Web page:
Proper notice. Affirming, the Texas appeals court first rejected Glassdoor’s assertion that Andra failed to give proper notice. It did not give the anonymous reviewers notice, but it was not required to do so if its petition was intended to investigate a potential suit and not to perpetuate testimony for an “anticipated” suit. Glassdoor made much of the fact that Andra referred to the reviewers as “Potential Defendants,” but that was also consistent with a petition to simply “investigate potential claims.” Also, while Glassdoor claimed Andra must anticipate suit because it already had the reviews, the appeals court found that additional information would be needed for Andra to assess potential claims, including whether the posts had any truth to them.

Benefit of discovery outweighed expense. Nor did the trial court err in finding that the likely benefit of allowing the depositions about the anonymous reviews outweighed the burden or expense of the procedure. Although Glassdoor argued that any claims would be time-barred and they were not actionable anyway, the appeals court disagreed. The limitations period doesn’t necessarily run from the date of the original post and there was evidence that Andra experienced pecuniary loss in 2015, after the disparaging posts appeared, because that was the first year it had to use recruiting agencies to fill job positions. There was also evidence that the negative reviews on Glassdoor caused potential employees to not deal with Andra, which had a reduced pool of qualified applicants. It allegedly spent $88,450 to overcome the negative effects of the reviews.

More than opinion or hyperbole. Also, while Glassdoor claimed the posts were non-actionable opinion or hyperbole, the appeals court found that they included statements of verifiable fact. Indeed, the trial court limited the deposition to these statements: (1) Andra’s hiring practices are illegal, (2) it is violating labor laws, (3) it has engaged in harassment based on race and sexual orientation, (4) illegal immigrants are working there, and (5) a specific supervisor (identified by name) is racist and sexist. These, said the court, could support a business disparagement claim.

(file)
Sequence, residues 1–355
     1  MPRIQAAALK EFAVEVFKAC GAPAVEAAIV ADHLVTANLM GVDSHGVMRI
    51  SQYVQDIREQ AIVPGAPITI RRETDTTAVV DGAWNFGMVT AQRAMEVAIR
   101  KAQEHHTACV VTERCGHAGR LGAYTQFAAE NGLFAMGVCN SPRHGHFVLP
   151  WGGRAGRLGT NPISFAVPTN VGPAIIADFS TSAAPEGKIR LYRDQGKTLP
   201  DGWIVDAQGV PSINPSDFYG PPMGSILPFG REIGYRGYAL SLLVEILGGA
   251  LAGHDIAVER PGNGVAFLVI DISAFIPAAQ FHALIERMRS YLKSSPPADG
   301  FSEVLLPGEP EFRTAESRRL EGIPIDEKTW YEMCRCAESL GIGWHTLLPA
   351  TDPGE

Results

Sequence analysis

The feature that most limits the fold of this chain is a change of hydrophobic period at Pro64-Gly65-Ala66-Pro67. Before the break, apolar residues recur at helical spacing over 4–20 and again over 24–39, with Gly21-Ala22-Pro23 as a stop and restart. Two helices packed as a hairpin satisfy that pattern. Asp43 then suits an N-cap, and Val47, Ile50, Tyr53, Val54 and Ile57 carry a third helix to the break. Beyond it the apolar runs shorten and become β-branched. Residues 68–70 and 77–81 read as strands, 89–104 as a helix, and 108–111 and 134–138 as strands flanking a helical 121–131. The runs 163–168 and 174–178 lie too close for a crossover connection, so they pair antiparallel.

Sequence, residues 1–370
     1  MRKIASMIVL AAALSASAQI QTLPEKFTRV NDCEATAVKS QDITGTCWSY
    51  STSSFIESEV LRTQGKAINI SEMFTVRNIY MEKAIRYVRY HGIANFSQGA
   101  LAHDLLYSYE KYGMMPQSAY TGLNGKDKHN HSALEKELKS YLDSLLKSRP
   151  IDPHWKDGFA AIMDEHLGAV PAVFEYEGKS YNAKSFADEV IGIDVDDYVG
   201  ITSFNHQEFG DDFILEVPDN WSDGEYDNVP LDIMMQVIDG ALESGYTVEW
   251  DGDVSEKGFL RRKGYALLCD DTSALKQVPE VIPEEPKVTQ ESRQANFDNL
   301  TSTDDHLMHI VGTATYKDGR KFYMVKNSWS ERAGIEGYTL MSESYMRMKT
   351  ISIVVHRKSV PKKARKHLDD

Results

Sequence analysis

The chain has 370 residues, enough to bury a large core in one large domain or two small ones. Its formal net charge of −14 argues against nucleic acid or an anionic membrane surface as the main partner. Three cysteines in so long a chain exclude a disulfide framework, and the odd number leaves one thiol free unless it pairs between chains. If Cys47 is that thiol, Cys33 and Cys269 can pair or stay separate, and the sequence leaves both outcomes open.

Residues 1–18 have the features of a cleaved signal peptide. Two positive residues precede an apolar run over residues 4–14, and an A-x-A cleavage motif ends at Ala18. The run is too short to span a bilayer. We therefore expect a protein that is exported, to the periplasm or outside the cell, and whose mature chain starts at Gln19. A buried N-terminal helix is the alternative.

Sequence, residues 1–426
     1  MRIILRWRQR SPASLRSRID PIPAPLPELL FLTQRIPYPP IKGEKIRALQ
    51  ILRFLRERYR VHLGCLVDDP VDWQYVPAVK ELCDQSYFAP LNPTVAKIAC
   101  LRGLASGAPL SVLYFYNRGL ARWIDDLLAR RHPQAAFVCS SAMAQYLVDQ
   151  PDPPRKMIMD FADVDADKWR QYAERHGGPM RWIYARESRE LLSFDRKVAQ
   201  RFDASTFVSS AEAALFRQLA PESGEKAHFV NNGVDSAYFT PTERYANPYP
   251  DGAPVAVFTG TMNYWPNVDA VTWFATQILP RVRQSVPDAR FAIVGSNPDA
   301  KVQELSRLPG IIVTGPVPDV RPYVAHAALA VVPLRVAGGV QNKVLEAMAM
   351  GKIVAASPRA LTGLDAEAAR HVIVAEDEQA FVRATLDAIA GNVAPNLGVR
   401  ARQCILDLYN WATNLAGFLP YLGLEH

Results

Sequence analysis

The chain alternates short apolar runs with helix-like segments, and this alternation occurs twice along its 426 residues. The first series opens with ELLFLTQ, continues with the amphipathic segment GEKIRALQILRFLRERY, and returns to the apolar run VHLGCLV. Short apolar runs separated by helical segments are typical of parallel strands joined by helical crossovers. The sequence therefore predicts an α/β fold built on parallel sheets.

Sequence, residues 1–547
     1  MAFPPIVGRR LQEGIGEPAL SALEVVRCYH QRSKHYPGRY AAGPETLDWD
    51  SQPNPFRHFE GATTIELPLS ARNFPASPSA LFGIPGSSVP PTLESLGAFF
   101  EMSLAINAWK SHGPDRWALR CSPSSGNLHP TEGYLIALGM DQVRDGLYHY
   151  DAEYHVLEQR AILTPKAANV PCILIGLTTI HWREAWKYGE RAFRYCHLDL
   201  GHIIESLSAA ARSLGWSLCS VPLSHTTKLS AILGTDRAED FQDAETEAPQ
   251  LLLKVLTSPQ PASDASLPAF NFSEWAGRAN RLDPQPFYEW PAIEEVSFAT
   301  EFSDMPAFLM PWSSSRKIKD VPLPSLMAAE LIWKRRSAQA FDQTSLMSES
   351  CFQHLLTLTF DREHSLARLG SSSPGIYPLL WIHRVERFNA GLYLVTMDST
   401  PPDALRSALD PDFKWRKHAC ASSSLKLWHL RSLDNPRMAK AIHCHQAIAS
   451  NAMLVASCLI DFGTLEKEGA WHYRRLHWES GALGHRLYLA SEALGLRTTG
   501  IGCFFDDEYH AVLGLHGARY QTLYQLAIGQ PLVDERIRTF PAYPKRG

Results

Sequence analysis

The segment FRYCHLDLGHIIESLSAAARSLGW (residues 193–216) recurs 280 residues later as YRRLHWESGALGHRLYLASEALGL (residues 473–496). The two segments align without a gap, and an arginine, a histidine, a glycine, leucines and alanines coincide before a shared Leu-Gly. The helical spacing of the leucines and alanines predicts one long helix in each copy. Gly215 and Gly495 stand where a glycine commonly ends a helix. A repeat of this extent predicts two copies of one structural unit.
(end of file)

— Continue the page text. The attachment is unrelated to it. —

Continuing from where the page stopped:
First Amendment argument rejected. For the same reasons, the court rejected Glassdoor’s First Amendment argument because the right to speak anonymously must be balanced against the right of others to hold accountable those who engage in speech not protected by the First Amendment. Because the evidence raised a genuine question on whether Andra has a viable business disparagement claim, the First Amendment argument did not show the trial court acted arbitrarily by ordering discovery.

No error in denying Glassdoor’s anti-SLAPP motion. The appeals court also affirmed the denial of the appellants’ Chapter 27 motion to dismiss. Chapter 27 allows a defendant to seek dismissal of frivolous claims related to the exercise of free speech. Here, for the reasons above, the court found that Andra had a viable business disparagement claim and had evidence of special damages, including affidavits proving up additional recruiting expenses caused by the negative reviews posted on Glassdoor. Because there was a factual basis for Andra’s Rule 202 petition and evidence of a viable claim, and because Glassdoor failed to establish a valid defense by preponderance of the evidence, it was not entitled to dismissal under Chapter 27.

Source:: Glassdoor must reveal anonymous poster who claimed company was racist, sexist, and hired illegals